The speakers responded to inquiries and statements from the audience, such as questions about the reasons for the need of a convention, the reasons behind lack of pro-convention efforts from urban countries and the address of HIV and older persons.Jean-Pierre Gonnot, Acting Director of the Social Integration Branch, Division for Social Policy and Development in the UN Department for Economic and Social Affairs (DESA) Jean-Pierre Gonnot, Acting Director of the Social Integration Branch, Division for Social Policy and Development in the UN Department for Economic and Social Affairs (DESA), concluded with brief remarks drawn from his experience staffing sessions leading to the UN Convention on the Rights of Persons with Disabilities. Gonnot explained that although older persons are largely invisible due to the fact that their fate is not consider a priority and, therefore, ageing has not gained much traction on the development agenda in many countries. Consequently, many Member States don't see the point in having a convention which raises many concerns, one of which is its financial implications. He continued, stating that the first step toward a convention is making the development case for a convention, e.g. that MDG1 cannot be achieved without addressing the needs of older persons, followed by laying out the human rights case which includes establishing the technical statements to be put into the convention itself. Taken together, these arguments provide a basis for beginning work on a convention for older persons. Gonnot also noted that older persons can exercise their rights under the Disability Convention's provisions when it comes to the rights violations that they typically face such as the right to health and freedom from exploitation, violence and abuse.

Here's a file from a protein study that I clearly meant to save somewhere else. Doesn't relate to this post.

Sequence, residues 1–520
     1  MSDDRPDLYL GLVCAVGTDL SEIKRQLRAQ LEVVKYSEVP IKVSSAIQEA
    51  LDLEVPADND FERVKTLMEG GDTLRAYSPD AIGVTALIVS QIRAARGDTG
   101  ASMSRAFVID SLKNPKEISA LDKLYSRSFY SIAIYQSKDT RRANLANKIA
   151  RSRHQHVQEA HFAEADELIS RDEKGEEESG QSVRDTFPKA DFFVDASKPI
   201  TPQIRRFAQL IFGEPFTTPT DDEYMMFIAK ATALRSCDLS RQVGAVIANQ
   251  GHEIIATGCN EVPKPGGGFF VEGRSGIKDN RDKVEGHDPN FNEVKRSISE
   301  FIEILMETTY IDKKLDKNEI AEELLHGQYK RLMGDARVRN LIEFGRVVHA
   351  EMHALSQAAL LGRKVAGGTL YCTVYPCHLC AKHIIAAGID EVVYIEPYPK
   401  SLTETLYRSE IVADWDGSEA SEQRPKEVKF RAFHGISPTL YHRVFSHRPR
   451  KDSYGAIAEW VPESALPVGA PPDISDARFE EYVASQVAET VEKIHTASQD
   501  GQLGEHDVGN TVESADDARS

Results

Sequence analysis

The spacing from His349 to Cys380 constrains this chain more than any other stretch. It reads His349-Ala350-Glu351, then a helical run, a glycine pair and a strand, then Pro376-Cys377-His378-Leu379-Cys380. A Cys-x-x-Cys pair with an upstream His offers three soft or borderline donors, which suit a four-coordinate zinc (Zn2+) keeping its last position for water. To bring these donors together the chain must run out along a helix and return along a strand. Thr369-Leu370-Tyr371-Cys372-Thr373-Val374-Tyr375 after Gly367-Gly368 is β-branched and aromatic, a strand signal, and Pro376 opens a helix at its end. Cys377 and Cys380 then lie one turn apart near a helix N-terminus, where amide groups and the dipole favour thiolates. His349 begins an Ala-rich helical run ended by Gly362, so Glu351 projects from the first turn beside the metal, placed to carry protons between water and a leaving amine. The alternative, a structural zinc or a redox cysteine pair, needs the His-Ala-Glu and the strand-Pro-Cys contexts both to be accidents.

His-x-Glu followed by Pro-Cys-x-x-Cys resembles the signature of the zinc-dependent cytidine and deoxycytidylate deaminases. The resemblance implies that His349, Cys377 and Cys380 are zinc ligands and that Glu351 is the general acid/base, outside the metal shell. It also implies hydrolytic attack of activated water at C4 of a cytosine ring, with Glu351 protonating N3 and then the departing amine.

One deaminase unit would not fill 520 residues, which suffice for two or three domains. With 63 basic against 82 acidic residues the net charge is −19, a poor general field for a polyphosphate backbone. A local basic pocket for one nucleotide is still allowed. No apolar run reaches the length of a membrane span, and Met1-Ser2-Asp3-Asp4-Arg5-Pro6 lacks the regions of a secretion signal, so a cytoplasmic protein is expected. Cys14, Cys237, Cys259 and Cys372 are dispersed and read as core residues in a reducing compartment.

By Veronica Lewis, Global Action on Aging
Friday 23 October 2009